Tribute for Code Talkers debated
The Arizona Republic
Mar. 2, 2007
Six decades after World War II ended, state lawmakers want to honor the Navajo
Marines who used their language to create secret codes to foil Japanese enemies.
However, some people say proposals to fund a Navajo Code Talkers state monument
and recommend a commemorative stamp marginalize similar wartime contributions
from other tribes.
"We feel our tribe is also entitled to recognition of our Code Talkers,"
said Philip Quochytewa, a member of the Hopi Tribe who told a Senate committee
recently that his uncle was a Code Talker. By a close margin Thursday, state
senators quashed a proposal that would have included all Native American Code
Talkers in a commemorative postage stamp and instead chose to honor just
Navajos' roles as Code Talkers are well-documented and more widely known than
those of other tribes.
For example, all Arizona fourth-graders in October received The Unbreakable
Code, a book in which a Navajo Code Talker teaches his grandson about his
mission. One proposed design for Arizona's state quarter features Navajo Code
Talkers. And in 2002, Hollywood released Windtalkers, starring Nicolas Cage,
which tells the story of Navajo Code Talkers.
Sen. Jake Flake, R-Snowflake, said he grew up in Arizona and heard about other
tribal Code Talkers only last year. He voted against including other tribes in
"This honor goes to the Navajos," Flake said.
As many as 400 Navajos are reported to have served as Code Talkers. Their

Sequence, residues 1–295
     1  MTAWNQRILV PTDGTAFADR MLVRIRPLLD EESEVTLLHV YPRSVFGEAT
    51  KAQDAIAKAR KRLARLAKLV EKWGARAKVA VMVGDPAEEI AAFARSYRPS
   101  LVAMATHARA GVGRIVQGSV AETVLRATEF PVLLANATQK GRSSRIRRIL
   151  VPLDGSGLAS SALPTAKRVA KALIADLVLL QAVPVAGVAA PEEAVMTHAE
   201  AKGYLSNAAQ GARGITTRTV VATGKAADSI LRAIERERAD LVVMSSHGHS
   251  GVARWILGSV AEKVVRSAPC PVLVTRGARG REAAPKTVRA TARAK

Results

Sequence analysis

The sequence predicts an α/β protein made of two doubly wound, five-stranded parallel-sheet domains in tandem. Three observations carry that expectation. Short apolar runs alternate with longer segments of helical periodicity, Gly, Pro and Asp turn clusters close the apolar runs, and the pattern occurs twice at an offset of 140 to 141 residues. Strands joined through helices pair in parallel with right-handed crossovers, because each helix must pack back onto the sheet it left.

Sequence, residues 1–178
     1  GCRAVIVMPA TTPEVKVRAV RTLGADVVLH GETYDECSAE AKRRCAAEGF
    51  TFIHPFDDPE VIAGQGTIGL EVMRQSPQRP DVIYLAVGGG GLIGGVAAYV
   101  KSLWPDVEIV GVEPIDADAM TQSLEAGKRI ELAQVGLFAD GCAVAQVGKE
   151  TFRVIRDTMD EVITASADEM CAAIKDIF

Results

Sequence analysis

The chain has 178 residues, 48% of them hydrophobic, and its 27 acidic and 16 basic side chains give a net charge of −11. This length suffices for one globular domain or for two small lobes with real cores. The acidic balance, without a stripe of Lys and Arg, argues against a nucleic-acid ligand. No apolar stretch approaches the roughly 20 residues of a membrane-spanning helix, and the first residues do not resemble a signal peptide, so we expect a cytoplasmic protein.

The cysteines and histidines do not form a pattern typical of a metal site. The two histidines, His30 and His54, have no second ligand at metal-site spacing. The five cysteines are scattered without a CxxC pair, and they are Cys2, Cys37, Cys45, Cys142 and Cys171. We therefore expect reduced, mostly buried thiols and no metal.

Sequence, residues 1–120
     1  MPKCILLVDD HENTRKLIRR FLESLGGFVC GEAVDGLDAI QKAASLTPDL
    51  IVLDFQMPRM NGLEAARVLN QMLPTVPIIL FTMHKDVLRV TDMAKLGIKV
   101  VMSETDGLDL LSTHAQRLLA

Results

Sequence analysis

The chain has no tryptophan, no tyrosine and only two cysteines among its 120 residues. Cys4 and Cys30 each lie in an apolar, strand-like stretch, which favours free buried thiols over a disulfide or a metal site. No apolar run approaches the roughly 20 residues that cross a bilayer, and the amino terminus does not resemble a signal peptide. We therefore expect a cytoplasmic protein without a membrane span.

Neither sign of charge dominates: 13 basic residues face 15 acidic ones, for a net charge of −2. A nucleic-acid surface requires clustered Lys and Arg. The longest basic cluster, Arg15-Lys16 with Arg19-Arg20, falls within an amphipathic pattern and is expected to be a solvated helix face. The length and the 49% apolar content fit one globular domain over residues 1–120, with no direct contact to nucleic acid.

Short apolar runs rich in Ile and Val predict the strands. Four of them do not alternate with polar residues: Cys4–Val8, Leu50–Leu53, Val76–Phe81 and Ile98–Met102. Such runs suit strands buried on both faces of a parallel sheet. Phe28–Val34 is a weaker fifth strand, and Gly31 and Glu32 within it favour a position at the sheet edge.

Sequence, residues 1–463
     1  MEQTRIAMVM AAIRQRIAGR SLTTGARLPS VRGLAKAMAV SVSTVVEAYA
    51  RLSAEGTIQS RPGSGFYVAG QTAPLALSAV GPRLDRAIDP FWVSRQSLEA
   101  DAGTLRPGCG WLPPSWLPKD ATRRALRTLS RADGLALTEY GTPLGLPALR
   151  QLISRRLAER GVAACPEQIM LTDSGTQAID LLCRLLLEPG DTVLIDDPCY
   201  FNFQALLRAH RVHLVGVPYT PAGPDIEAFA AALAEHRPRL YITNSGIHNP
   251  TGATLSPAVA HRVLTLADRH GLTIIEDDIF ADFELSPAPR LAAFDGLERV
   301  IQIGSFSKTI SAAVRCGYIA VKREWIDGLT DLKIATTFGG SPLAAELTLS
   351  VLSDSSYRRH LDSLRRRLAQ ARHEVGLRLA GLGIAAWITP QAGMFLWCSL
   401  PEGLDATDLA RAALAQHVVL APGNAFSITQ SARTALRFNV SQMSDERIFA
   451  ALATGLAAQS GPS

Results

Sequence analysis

operation was much larger than those conducted with members of other tribes.
Keith Little, of Crystal, N.M., served as a Navajo Code Talker, but he said he
could not talk about his role until the operation was declassified in 1968.
"We were never recognized and kept silent for many years because of the
secrecy," but now "we would like to have our legacy remembered," he said.
"The Navajo Code Talkers served in the United States Marine Corps for America
and for the world with integrity," Little told a state Senate committee
Zonnie Gorman, who said her father was a Navajo Code Talker, researches her
tribe members' code contributions and is documenting their efforts.
She said the Navajo Marines based the unbroken code on the Navajo language, but
it was formed in such a way that not even a Navajo speaker would understand what
was being said.
The Inter Tribal Council of Arizona, which does not represent the Navajo Nation,
wrote a letter to lawmakers asking that the commemorative stamp recommendation
recognize all Native American Code Talkers, specifically including Hopis.
Sen. Meg Burton Cahill, D-Tempe, asked her fellow senators to include all Native
Americans in the stamp; otherwise, she said, it would be "historically
"There were Native Americans from many tribes who contributed to this," she
Burton Cahill's proposal on Thursday failed, 15-13. Sen. Albert Hale, D-Window
Rock, is Navajo, and he opposed Burton-Cahill's proposal.
Sen. Robert Blendu, R-Litchfield Park, said he planned to work with the Hopi
Tribe next year to create a separate honor.
Of the Navajos, he said: "This honor is long overdue."
In a committee hearing, Flake described the controversy as an "unfortunate
"To me, 'Code Talkers' belongs to the Navajos," he said. "They're the ones who
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